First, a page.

publicado em 21/12/2012 às 16h00:00
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Facebook reduces self-control and increase food intake, say researchers

New study suggests that the effect on self-control may be causing more weight gain than sedentary users

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Using Facebook makes you fat - but not for the reason you might think.

Researchers found those who socialised regularly with their friends on the networking website had higher levels of self-esteem but lower levels of self-control.This meant they were more likely to snack on unhealthy food once they had logged off - particularly if they had been chatting with close friends.

The team from Columbia University and the University of Pittsburgh suggested it was this factor that could be driving weight gain rather than by encouraging users to be sedentary.

Writing in the Journal of Consumer Research, they explained: 'Using online social networks can have a positive effect on self-esteem and well-being. However, these increased feelings of self-worth can have a detrimental effect on behaviour.

'Because consumers care about the image they present to close friends, social network use enhances self-esteem in users who are focused on close friends while browsing their social network. This momentary increase in self-esteem leads them to display less self-control after browsing a social network.'

The scientists used five experiments on the behaviour of Facebook users to see how it affected them when they were offline.

The studies suggested there was a link between the use of the website and poor self-control over what they ate and how much money they spent.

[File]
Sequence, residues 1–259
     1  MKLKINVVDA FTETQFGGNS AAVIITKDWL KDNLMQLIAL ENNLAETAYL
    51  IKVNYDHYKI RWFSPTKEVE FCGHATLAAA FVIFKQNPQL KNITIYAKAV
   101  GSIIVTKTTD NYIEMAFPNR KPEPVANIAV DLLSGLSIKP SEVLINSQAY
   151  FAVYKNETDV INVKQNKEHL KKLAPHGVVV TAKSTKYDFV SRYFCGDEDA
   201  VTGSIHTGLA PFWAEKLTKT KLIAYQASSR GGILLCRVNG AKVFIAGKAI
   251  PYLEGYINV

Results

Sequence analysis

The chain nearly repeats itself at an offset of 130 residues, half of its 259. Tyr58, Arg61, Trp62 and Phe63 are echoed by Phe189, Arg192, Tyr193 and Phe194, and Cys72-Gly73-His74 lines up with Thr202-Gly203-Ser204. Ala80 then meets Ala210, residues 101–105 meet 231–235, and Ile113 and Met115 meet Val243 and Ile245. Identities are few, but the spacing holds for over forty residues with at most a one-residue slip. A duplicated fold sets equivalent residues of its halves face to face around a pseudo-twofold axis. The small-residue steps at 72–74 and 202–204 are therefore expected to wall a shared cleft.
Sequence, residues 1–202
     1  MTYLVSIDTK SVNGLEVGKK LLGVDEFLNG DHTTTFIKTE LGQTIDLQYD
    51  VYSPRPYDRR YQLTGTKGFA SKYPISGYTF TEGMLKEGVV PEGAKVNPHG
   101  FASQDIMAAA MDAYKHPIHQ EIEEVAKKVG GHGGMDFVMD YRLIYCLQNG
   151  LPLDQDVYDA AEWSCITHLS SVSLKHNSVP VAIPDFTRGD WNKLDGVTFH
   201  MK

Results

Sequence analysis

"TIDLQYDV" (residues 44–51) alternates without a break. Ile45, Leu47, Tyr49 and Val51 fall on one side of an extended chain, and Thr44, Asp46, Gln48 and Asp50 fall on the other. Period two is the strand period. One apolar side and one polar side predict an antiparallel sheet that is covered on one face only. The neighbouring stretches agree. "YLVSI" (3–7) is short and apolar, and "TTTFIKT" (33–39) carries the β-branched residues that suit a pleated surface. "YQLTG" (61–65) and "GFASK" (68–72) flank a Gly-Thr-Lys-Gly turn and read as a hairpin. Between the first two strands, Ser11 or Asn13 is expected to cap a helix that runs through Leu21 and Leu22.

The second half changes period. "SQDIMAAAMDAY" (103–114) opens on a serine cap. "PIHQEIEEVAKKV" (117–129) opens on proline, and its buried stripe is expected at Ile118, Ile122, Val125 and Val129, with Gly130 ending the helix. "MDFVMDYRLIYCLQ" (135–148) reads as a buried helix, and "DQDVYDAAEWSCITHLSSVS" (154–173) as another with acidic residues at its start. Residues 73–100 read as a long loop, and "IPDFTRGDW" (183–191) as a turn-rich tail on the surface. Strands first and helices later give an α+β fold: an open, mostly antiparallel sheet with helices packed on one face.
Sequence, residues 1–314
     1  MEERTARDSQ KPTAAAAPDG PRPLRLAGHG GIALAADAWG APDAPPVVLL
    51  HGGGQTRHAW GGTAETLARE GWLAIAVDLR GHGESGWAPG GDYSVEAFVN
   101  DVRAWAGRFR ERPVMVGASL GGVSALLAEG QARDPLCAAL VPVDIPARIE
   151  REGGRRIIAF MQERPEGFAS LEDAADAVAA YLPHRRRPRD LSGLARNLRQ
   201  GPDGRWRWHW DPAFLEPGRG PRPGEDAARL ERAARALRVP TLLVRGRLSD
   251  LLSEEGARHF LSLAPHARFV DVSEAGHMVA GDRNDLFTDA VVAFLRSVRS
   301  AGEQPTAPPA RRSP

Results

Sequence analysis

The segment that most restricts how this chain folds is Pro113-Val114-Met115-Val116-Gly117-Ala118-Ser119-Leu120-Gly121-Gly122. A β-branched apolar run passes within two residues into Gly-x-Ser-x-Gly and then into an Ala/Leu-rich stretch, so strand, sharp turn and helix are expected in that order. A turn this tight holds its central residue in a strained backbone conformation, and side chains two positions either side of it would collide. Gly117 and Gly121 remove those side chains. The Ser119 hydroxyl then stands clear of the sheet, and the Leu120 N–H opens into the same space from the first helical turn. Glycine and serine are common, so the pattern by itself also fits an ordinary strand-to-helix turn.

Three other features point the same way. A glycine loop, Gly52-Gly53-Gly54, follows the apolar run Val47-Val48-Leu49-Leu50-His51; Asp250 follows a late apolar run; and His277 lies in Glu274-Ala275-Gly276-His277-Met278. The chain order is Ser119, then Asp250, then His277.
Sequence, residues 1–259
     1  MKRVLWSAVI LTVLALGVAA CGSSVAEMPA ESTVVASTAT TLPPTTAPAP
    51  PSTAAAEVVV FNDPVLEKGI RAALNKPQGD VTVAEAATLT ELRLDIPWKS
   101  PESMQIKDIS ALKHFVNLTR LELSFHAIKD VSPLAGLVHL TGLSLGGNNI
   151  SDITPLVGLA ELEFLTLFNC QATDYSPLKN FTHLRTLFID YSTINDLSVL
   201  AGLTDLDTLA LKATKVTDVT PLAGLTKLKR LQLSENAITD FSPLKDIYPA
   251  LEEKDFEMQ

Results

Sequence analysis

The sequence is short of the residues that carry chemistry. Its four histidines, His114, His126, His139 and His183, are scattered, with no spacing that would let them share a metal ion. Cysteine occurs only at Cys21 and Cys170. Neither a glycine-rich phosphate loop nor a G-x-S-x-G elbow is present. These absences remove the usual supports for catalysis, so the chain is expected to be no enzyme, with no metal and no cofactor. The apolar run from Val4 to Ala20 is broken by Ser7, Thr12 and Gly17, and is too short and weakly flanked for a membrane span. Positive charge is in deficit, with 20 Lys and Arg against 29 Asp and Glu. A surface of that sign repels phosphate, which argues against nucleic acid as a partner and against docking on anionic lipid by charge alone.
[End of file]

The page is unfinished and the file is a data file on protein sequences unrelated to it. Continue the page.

Contacting your friends on Facebook can cause a dip in self-control

They found people who used Facebook to contact their friends were more likely to binge eat and be overweight. They also had higher levels of credit card debt.

The same was not true of people who focused on 'weak ties' - people they were less familiar with.

The findings have far-reaching implications as Facebook now has over one billion active users, which is one in seven of the world's population.

'These results are concerning given the increased time people spend using social networks, as well as the worldwide proliferation of access to social networks anywhere anytime via smartphones and other gadgets,' the authors said.

'Given that self-control is important for maintaining social order and personal well-being, this subtle effect could have widespread impact.

'This is particularly true for adolescents and young adults who are the heaviest users of social networks and have grown up using social networks as a normal part of their daily lives.'

   Palavras-chave:   Facebook    Self-control    Self-esteem    Binge eating    Columbia University   
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